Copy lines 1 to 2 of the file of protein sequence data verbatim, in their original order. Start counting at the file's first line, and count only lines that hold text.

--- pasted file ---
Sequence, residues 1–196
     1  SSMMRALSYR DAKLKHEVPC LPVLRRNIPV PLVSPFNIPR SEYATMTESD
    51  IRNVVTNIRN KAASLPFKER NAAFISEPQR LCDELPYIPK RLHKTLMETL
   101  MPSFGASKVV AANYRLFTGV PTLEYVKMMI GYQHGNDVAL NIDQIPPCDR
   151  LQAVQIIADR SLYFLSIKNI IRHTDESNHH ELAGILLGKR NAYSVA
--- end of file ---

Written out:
Sequence, residues 1–196
     1  SSMMRALSYR DAKLKHEVPC LPVLRRNIPV PLVSPFNIPR SEYATMTESD